Impaired immunity increases risk of disseminated Lyme disease

Immune System and Lyme Disease

Does an individual with a compromised immune system have a greater chance of developing disseminated Lyme disease? Studies are limited in this area. But the authors of “Erythema Migrans: Course and Outcome in Patients Treated With Rituximab” have published a limited case review, examining patients diagnosed with Lyme borreliosis (LB), who were also receiving Rituximab, a medication known to impair immunity.

Their study features 7 patients with an EM (erythema migrans) rash who were diagnosed with Lyme borreliosis. All of the patients were receiving Rituximab for another underlying medical condition. Out of the 7 patients, 4 were also being treated with additional immunosuppressant drugs (e.g., corticosteroids, methotrexate, and bortezomid).

“Rituximab is the anti-CD20 monoclonal antibody that influences B cells and consequently impairs secretion of antibodies, antigen presentation, and secretion of cytokines,” writes Maraspin and colleagues.

Rituximab is used for non-Hodgkin lymphoma, rheumatoid arthritis, chronic lymphocytic leukemia, and granulomatosis with polyangiitis (Wegener granulomatosis).

The authors found that signs of disseminated Lyme borreliosis were unusually high (43%) in the 7 patients when compared with immunocompetent individuals (8%) who had EM diagnosed at the same institution.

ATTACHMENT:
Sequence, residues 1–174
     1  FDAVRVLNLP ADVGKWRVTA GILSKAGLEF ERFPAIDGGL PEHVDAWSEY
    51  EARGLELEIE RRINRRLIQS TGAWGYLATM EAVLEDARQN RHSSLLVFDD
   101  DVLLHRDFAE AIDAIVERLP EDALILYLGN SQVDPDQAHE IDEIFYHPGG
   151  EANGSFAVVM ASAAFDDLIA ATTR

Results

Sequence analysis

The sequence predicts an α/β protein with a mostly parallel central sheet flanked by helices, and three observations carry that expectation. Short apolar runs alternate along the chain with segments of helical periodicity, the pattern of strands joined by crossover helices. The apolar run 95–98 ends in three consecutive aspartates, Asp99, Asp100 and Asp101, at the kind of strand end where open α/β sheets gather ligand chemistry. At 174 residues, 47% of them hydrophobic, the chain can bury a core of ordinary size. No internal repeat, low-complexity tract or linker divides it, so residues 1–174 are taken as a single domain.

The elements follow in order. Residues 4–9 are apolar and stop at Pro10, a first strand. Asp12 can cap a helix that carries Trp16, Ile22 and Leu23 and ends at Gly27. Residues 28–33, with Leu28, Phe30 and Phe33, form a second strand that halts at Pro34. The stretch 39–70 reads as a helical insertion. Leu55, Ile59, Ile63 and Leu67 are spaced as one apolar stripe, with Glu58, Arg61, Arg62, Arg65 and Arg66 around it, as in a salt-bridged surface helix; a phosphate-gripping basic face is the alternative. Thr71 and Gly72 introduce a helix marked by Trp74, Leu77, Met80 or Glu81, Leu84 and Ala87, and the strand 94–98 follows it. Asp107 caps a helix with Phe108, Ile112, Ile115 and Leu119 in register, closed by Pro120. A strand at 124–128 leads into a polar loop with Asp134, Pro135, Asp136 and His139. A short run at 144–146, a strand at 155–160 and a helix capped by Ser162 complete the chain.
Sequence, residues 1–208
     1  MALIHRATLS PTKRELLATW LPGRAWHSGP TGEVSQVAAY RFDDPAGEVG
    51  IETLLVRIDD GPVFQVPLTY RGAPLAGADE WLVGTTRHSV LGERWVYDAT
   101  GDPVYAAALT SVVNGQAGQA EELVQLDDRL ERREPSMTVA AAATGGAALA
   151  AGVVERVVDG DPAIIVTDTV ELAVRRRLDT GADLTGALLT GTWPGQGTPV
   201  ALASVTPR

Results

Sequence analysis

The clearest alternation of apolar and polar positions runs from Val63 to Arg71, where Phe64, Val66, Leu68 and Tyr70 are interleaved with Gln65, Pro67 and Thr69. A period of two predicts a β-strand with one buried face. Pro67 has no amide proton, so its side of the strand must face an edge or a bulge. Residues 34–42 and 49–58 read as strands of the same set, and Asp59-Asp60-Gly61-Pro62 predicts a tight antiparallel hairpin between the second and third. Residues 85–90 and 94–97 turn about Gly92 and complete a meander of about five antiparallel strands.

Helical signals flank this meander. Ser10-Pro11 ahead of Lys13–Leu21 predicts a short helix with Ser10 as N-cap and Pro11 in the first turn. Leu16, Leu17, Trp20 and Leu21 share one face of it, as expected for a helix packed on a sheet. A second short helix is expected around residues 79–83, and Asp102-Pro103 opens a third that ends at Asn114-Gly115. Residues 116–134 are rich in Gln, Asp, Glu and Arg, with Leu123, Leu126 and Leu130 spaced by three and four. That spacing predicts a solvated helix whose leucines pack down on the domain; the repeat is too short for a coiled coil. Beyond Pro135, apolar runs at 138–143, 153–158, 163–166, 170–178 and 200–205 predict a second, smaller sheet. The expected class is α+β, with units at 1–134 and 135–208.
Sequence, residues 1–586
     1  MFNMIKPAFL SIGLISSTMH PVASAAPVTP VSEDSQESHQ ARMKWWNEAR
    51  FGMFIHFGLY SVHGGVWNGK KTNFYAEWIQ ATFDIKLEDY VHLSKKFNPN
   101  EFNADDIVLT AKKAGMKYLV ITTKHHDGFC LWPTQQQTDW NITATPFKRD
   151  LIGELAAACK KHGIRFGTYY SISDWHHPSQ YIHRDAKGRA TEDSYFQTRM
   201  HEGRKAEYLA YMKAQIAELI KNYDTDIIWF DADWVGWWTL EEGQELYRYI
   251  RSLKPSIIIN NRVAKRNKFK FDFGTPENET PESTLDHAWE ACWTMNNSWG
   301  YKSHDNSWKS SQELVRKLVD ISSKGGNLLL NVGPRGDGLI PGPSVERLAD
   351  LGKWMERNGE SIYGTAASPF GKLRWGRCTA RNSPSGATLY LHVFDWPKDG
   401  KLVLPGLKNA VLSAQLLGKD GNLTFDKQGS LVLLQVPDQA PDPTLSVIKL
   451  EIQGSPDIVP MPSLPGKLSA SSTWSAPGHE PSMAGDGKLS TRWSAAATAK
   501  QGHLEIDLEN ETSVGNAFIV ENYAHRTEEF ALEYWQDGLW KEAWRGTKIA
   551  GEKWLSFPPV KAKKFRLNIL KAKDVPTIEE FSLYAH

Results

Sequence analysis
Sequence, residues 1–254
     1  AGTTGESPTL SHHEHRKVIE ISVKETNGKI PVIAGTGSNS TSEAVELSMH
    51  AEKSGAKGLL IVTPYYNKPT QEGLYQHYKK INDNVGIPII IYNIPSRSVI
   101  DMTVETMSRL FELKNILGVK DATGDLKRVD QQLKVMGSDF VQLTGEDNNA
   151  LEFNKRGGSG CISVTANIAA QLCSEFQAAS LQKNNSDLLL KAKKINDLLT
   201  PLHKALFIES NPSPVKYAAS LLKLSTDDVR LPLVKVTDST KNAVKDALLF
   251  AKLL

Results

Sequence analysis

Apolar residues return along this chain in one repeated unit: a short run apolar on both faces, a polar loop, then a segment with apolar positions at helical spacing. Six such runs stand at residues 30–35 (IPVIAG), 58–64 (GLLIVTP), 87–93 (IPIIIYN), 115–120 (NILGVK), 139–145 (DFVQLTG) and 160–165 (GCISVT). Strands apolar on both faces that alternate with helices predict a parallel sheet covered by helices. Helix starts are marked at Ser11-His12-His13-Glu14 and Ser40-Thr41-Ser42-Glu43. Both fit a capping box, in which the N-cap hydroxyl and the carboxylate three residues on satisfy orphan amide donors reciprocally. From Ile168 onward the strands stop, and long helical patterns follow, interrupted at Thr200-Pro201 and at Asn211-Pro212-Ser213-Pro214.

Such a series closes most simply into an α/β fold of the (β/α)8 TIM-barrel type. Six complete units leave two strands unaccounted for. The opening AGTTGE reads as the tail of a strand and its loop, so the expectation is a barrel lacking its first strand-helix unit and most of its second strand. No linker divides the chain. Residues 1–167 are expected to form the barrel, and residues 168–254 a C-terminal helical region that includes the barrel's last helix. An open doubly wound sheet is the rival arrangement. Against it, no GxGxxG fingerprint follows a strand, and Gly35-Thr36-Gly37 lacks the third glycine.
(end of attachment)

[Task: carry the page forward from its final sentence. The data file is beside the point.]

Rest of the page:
The isolation rates of Borrelia from blood before antibiotic treatment were also unusually high (40%) when compared with immunocompetent patients (<2%).

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“Impaired immunity might be an explanation for the complicated course of LB (signs of disseminated LB or unfavorable outcome after antibiotic treatment) present in 57% of our patients but rarely seen in immunocompetent adult patients with EM, of whom only about 8% have disseminated disease and approximately 10% have treatment failure, most often the presence of LB-associated symptoms,” the authors write.

In their study, 3 of the patients with multiple EM rashes were treated with IV antibiotics. The remaining individuals received oral antibiotics.

One patient, a 65-year-old woman, failed initial treatment. “Her skin lesion persisted for >2 months after the start of treatment with doxycycline,” explains Maraspin.

“However, it disappeared after retreatment with amoxicillin and the subsequent clinical course was uneventful.”

At their 1-year follow-up, none of the patients had any objective (or physical) signs of Lyme borreliosis. However, the authors did not mention the presence of other symptoms, such as fatigue, pain, and cognitive problems.

Editors note: The increased chance of disseminated Lyme disease in patients with impaired immunity needs further study. I would also address the risk of treatment failure on other outcome including fatigue, pain and cognitive problems.

  1. Maraspin, V., et al. (2019). “Erythema Migrans: Course and Outcome in Patients Treated With Rituximab.” Open Forum Infect Dis 6(7): ofz292.
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